Happy Tuesday, friends, and welcome to another edition of You Got Served. I had a busy day today, including my 3-hour project management class, and a busy weekend, so I’m starting at 9:10 PM on Monday night, and I’m going till I run out of gas. This is kicking it old school, like back in my ST&NO days (I would have watched 8 games in 4 hours then, instead of going to class, but whatevs.) Ready…. BEGIN!
1. I really enjoyed the Super Bowl on Sunday, because it spawned so much good subject material, much of which has already been discussed by Doug and TJ. I’ll absolutely cosign with Doug that Green Bay should have gone for it on 4th and goal late in the game. Either you score a TD and effectively end the game, or you make Pittsburgh play out of their own end zone, trailing by three at the two-minute warning, with only one timeout. Either way, it’s a lot better than kicking off with a six-point lead, even if you minimize the kickoff return. I know this, and you should know it by now, but read this article, which Doug linked in yesterday’s Lard, if you need mathematical proof.
TJ also made the salient point that the halftime show was atrocious. What in the hell was that plastic device on Will.I.Am’s head? And Fergie did butcher Sweet Child O' Mine. It couldn’t have gone worse if Barry Manilow and Tom Jones adapted it as a duet for the 60-something women set, complete with pelvic gyrations. (Whoa... scary thought.) The NFL decided to dip their toe back into contemporary music, and came up a loser on that roll of the dice.
Good Morning, Broncos fans! Wow, can you imagine being one of those folks who got kicked out of their seats on Sunday? Sure, the NFL is stepping up a bit and trying to make up for it...but that's only really nice if you're not a Packers or Steelers fan, right? Surely at least some of those people were taking a once-in-a-lifetime trip to see their favorite team play in the Super Bowl and had laid out a ton of cash to do so. How pissed off would you be?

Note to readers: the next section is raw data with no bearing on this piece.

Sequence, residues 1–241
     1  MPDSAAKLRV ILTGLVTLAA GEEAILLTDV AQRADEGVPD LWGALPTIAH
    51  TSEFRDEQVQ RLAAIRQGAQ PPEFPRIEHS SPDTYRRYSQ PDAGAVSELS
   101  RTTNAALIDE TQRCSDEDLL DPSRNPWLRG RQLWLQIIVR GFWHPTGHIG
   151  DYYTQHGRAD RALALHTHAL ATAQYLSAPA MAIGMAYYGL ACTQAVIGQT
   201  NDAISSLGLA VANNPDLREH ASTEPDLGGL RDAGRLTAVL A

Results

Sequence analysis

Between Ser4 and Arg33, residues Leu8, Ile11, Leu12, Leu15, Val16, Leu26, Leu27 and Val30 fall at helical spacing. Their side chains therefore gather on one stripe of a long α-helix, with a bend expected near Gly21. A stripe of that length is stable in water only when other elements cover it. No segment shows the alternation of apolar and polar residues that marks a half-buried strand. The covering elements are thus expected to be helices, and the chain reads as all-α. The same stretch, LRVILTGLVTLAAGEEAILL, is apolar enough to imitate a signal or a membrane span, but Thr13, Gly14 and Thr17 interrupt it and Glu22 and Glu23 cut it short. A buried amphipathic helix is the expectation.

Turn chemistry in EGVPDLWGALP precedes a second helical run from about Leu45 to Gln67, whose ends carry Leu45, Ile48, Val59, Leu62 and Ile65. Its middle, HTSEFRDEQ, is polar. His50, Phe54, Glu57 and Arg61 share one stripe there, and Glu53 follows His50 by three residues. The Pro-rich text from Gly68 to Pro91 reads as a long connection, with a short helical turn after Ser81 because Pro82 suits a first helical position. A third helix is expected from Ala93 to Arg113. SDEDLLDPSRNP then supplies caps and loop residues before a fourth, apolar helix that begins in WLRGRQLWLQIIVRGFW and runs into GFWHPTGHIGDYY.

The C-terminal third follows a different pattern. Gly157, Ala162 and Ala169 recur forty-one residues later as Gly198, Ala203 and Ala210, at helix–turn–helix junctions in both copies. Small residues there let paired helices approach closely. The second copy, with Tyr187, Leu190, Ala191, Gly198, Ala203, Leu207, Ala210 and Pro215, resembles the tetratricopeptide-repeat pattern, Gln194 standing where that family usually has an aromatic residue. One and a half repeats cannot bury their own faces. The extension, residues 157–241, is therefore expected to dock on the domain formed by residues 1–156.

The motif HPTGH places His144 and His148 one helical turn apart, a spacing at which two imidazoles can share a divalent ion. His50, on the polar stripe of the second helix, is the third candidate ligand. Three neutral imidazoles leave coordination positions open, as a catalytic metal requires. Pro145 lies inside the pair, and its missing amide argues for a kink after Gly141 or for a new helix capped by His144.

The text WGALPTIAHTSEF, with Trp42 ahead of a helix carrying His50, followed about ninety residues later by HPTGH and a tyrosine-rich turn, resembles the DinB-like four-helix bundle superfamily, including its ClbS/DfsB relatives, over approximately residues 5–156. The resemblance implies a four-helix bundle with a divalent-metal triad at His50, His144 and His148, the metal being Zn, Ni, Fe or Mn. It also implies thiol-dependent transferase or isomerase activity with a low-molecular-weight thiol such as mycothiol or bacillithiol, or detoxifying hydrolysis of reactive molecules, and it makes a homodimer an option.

Vic Lombardi reported via Twitter that Broncos WR Eddie Royal had surgery on his hip and will require 6 months of rehabilitation. This likely will end any speculation that the Broncos will be trading away one of their veteran receivers... (Thanks, Ponderosa!)
UPDATE 3:08PM ET: Team spokesman Patrick Smyth says the Broncos expect Royal “will be ready for OTAs in late May.”
It's finally over, Broncos fans. The 2010 NFL season is in the books.
During perhaps the wildest year in the history of the Denver Broncos, the Super Bowl was won yet again by an unexpected wild-card team.
I saw it fitting, then, to give you one last wild Gut Reactions--a dollar late and a day short.
Let's get right to the Positives, the Negatives, and the Who The Heck Knows.
Good Morning, Broncos fans! Couple interesting notes from last night's game - there was but one Super Bowl record broken, yet it was quite a meaningful one: the 36 combined rushing attempts by the Packers and Steelers set a new low. But winning in the NFL is all about balance and running the ball well, right? There's no question that the Packers had a great defense in 2010, and they're just one team; but they won the Super Bowl so let's examine a few things:
Denver's ranks in those same categories? 27th, 26th, 12th (tied) and 23rd (tied), respectively. So, you know...now that John Fox is in town and Brain Xanders is talking of running the ball a lot more, the Broncos will be back playing for titles, right?
The other point of note? Why didn't Green Bay go for it on fourth down at the end of the game up 3 points? I have no idea, but they should have...
Enjoy the game, everyone!
When I write a long column, I number my different topics and always retire Number 7 for John Elway. I've seen that done by others, here and there, and I always think it's cool to be the guy who started it. As a player, John Elway's career was amazing, and he's very well-deserving of having his greatness honored in whatever little way that people like us can do it. I advocated for the hiring of Elway to a front office role, and I was glad when it happened, but I have to tell you, I'm troubled with what I've been seeing from him.